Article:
Soft market reinsurance conditions are no longer unique to property-catastrophe business, Willis Re said yesterday, pointing to overcapacity as the key driver of Jan. 1, 2014 rates down on most lines.

“Pricing margins on excess-of-loss business have been compressed, and ceding commissions have increased on pro-rata treaties for sought-after clients with large ceded premium volumes,” the reinsurance broker said.

The report also points to pressure on contract terms and conditions, citing expansion of hours clauses, adoption of less punitive reinstatement provisions and examples of expanded coverage for terrorism as examples.

While these are beneficial to buyers, they can have “an insidious impact” on reinsurer losses, the report warns. “Experienced reinsurers will remember that the relaxation of terms and conditions more so than price reduction caused the real damage in the last soft market cycle,” the report says.

In the introductory summary of Willis Re’s 1st View Report, John Cavanagh, CEO of Willis Re, said that the key influence on the 1/1/ renewals “has been overcapacity triggered by a number of converging factors,” listing the factors as:

  • Strong 2013 results, which have bolstered traditional reinsurers’ already strong balance sheets.
  • New capital from non-traditional capital market sources has grown to reach $50 billion.
  • Muted demand from buyers arising from the longer-term trend of better regulation, which has in turn led to a better understanding and management of tail risk
  • Muted demand from major insurance groups seeking to retain more reinsurance premium volume and risk on their own growing balance sheets.

Peter Hearn, Chairman of Willis Re, noted that market headwinds have caused large reinsurers to “offer more capacity and more complex, multi-class, multi-year deals.”

“Others are expanding into specialty lines and many have developed multi-channel capacity offerings seeking to use their underwriting expertise to deploy capacity on behalf of capital markets.

“Additionally, we have seen the rise of pooling arrangements that give smaller reinsurers the opportunity to access business they might not otherwise see in their local markets,” he said.

While the Willis Re report, reiterated a message delivered by Guy Carpenter last week about the extent of the soft reinsurance market across all lines, the brokers diverged on the actual level of rate declines for property-cat reinsurance, with Willis reporting bigger drops—up to 25 percent of U.S. business that has been catastrophe free and 15 percent international property-cat renewals.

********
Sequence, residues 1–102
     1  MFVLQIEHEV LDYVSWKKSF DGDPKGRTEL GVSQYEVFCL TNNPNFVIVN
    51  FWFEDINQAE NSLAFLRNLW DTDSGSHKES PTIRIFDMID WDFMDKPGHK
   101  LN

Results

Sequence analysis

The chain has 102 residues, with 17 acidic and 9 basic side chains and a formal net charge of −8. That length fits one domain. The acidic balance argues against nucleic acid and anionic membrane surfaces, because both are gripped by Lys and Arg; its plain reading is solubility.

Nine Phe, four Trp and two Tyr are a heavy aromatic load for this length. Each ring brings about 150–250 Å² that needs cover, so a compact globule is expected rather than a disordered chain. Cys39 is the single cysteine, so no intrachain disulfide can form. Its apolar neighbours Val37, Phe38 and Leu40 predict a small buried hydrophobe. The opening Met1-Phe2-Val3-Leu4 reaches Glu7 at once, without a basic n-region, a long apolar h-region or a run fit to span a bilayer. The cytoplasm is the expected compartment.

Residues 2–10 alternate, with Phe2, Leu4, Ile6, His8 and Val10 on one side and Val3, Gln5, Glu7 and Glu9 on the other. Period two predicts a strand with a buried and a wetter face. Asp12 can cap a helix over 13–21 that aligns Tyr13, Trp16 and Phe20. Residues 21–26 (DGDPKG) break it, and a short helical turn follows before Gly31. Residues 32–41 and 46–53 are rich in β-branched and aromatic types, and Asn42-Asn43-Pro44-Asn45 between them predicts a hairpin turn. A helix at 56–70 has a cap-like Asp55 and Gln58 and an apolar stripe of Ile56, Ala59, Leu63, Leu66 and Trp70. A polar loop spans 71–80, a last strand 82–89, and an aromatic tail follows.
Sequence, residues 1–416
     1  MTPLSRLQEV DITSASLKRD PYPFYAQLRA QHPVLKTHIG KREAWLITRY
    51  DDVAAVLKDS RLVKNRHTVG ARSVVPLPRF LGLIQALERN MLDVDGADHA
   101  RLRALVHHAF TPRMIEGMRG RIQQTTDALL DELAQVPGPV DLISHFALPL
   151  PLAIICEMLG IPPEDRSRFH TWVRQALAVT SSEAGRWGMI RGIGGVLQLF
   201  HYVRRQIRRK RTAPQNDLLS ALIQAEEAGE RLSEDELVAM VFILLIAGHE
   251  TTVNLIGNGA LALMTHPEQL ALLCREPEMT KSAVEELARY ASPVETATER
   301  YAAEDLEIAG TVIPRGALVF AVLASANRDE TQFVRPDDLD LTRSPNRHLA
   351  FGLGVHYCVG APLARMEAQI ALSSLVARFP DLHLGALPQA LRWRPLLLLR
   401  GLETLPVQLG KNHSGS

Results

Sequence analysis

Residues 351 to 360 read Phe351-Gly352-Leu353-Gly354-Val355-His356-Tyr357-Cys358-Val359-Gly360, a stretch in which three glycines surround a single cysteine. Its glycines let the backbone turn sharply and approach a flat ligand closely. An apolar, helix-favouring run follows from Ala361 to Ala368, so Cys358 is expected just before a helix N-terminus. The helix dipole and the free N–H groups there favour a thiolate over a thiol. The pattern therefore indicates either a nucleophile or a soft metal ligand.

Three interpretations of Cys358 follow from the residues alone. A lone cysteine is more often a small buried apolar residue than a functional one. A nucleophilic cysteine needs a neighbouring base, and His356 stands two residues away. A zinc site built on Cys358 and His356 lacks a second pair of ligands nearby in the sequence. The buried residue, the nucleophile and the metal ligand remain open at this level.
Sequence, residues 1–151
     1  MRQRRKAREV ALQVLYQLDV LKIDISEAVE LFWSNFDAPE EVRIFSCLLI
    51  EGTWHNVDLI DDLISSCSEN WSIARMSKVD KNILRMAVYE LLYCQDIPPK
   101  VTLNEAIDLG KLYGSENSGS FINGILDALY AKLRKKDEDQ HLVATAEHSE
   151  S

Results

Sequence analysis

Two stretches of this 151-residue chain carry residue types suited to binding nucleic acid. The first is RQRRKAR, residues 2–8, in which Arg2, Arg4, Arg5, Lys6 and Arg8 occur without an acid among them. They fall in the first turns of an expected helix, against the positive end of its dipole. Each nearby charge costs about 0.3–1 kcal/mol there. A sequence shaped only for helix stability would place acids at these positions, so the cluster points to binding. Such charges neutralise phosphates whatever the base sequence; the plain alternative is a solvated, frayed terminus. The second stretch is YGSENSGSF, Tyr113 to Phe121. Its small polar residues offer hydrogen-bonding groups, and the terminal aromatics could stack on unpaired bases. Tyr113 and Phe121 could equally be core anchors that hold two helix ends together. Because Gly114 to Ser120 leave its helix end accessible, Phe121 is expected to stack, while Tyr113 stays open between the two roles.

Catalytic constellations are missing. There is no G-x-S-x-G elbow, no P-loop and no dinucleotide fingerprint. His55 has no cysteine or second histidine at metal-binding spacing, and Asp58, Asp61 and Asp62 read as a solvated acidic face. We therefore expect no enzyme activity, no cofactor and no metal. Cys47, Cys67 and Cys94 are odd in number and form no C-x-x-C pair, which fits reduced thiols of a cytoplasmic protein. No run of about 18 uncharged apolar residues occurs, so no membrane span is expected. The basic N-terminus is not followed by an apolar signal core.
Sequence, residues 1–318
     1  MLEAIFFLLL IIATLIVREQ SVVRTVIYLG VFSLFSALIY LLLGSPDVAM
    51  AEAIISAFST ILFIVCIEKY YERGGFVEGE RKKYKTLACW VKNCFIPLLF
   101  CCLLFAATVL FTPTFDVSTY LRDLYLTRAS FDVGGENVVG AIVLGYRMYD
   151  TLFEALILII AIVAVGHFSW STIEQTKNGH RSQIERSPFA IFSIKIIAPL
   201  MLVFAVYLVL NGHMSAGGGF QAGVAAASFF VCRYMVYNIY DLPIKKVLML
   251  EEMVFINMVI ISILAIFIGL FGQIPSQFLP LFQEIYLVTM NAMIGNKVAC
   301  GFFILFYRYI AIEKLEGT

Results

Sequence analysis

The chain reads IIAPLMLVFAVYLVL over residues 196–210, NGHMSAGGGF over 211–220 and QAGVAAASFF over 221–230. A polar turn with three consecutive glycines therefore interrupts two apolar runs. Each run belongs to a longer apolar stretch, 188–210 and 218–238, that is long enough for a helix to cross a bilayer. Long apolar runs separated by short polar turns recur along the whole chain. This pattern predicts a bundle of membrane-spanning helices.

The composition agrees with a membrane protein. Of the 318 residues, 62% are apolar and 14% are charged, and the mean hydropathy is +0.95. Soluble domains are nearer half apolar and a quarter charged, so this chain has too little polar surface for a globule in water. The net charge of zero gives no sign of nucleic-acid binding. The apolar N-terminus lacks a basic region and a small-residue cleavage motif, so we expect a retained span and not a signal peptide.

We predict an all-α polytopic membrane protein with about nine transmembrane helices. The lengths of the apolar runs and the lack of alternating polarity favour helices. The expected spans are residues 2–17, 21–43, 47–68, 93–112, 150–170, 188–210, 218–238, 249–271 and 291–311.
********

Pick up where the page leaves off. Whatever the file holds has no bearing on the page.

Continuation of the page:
In late December, Guy Carpenter reported that its Global Property Catastrophe Reinsurance Rate-on-Line Index fell by 11 percent—fueled by a 15 percent decline in the United States, with 10 percent declines coming in Continental Europe, and U.K. cedents.

The Willis Re report notes that “the influence of capital markets capacity is more pronounced on U.S. property-catastrophe placements where a combination of traditional, collateralized and securitized capacity has been utilized throughout more program structures” while international placements “still reside predominately with traditional reinsurers based on longstanding relationships, strong balance sheets and competitive pricing, underpinned by mature capital diversification models.”

The report details property reinsurance price changes for 25 different regions, and casualty changes for 15 line of business/region combinations.. Willis’ observations on rate changes for the U.S. casualty market are summarized below.

willis re 2014 cas

The full report, which also includes discussion of global specialty lines and U.S workers compensation is available on the Willis Re website.